- Announcement and preparation of the expedition
- Expedition daily update blog
- Aid projects, supported by the expedition team
- Labelled Expedition Pictures on Himalaya-info.org
Expeditions to the planet’s higher and wilder mountain ranges are an experience for all, not just for some elite climbers. This ethos provided the challenge of finding a remote area suitable for a club expedition, meaning with a wide range of climbing difficulties to appeal to a broad cross-section of the AACZ membership. After considering a range of targets (including Antarctica, Greenland, Myanmar and the Indian Karakoram), practical and political reasons directed us to West Nepal where, far from the 8000m circus, there are many ranges of 6000m peaks that have seen little exploration.
The Changla Himal (map) is one such range. A Japanese team climbed the highest peak, Lachama Chuli from Tibet (where it is known as Kubi Kangri, 6721m) in 2008; in 2015 Mick Fowler and Paul Ramsden climbed the north face of neighbouring Gave Ding (6521m), for which they won a Piolet d’Or. Our headline photo, and others from a 2018 reconnaissance by Bruce, indicated that the mountains of the Changla Himal offer huge potential for exploratory and alpine-style mountaineering at all skill levels.
Alex, Andi, Bruce, Charlotte, Christian, Daniel, Felix, Gedas, Hansueli, Javi, Manu, Max, Sarah, Steve, Ulla, Ven, Yannick, Yannick, Yoann and Nepali staff members Amrit, Lhotsu, Naranath, Shekhar and Sujit.
Different subgroups of the team members were formed to tackle the many tasks involved in organising a successful expedition: the agent, budget, maps and climbing routes, flights, insurance, medicine, communications, equipment, electronics, climbing team organisation, sustainability and aid projects, internet and social media.
As team activities we organised medical training, technical training and their combination – mountain rescue training. And of course we also climbed mountains (in the overheated Alps).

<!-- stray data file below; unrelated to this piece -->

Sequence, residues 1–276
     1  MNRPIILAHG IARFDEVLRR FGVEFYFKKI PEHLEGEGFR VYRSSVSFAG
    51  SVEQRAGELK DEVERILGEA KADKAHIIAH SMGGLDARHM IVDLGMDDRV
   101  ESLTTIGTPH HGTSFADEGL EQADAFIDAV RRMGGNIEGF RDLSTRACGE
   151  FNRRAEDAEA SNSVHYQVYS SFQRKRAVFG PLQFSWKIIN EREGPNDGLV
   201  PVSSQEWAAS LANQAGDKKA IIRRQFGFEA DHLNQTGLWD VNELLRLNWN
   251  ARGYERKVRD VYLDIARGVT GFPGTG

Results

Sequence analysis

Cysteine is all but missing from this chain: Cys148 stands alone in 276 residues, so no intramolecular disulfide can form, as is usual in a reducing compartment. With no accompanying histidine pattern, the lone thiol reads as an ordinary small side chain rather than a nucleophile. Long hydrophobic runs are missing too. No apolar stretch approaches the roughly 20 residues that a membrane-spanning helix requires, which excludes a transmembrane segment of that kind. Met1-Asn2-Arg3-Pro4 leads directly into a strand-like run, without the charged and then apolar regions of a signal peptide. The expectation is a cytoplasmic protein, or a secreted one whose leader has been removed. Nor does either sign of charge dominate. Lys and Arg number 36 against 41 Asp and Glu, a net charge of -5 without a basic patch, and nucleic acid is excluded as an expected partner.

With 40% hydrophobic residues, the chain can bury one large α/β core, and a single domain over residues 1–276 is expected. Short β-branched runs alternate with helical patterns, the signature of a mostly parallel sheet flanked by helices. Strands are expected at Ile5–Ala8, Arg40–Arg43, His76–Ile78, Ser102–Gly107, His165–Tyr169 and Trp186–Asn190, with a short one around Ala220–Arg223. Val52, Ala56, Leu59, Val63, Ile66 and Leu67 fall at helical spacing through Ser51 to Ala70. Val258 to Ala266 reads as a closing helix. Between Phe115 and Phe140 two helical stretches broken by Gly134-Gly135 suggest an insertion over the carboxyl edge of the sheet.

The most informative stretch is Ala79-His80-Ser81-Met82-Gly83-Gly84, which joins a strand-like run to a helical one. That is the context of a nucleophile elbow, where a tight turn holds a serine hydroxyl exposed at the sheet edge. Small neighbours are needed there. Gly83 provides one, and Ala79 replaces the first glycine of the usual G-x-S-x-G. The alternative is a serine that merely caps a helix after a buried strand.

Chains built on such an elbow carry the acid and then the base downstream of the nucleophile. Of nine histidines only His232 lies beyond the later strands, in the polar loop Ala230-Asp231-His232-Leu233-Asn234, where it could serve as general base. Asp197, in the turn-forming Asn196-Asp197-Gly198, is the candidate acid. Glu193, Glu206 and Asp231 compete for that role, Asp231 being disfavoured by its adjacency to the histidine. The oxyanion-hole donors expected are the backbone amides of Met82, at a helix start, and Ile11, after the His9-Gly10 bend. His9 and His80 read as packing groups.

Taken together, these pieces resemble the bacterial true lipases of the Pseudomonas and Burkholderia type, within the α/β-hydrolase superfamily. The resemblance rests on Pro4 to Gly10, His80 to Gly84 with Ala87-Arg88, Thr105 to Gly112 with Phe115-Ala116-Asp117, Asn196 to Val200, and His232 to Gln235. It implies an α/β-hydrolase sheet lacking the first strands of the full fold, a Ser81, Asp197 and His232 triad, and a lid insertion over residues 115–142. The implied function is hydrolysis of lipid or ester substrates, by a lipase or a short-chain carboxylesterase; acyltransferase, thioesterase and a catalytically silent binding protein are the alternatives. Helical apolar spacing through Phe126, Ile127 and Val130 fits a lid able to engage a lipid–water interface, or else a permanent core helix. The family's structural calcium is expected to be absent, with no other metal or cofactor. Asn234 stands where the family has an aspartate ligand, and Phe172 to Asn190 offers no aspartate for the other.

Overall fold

Kathmandu, 25-26th Sept. The red-eyed team gathered in Kathmandu on the morning of 25th Sept. The next 2 days were all work, first finalising the climbing and trekking permits with the untiring assistance and infinite patience of our agent, Rajendra Dalal of Mountain Sun Valley Treks and Expeditions, and then dealing with the irritating and useless liaison officer. One team dealt with emergency high-camp food purchases, others spearheaded the synchronisation of all our satellite communication devices and others still kept track of the money. Sarah led a delegation to visit the new Kathmandu clinic of Ek Ek Paila (link to section below), the Nepalese medical NGO for which we raised funds in 2021.
On the road, 27th Sept. At 3am we loaded all our equipment into 2 minivans, finding it a tighter fit than anticipated, and hit the road for Nepalganj. This 17-hour road trip provided our first sight of the real Nepal, or at least the reality lived by many Nepalese: dust, diesel, delays and the heat of the Terai. Our drivers were entirely used to it and did an excellent job, but still the air-conditioned hotel in Nepalganj was a welcome oasis for all.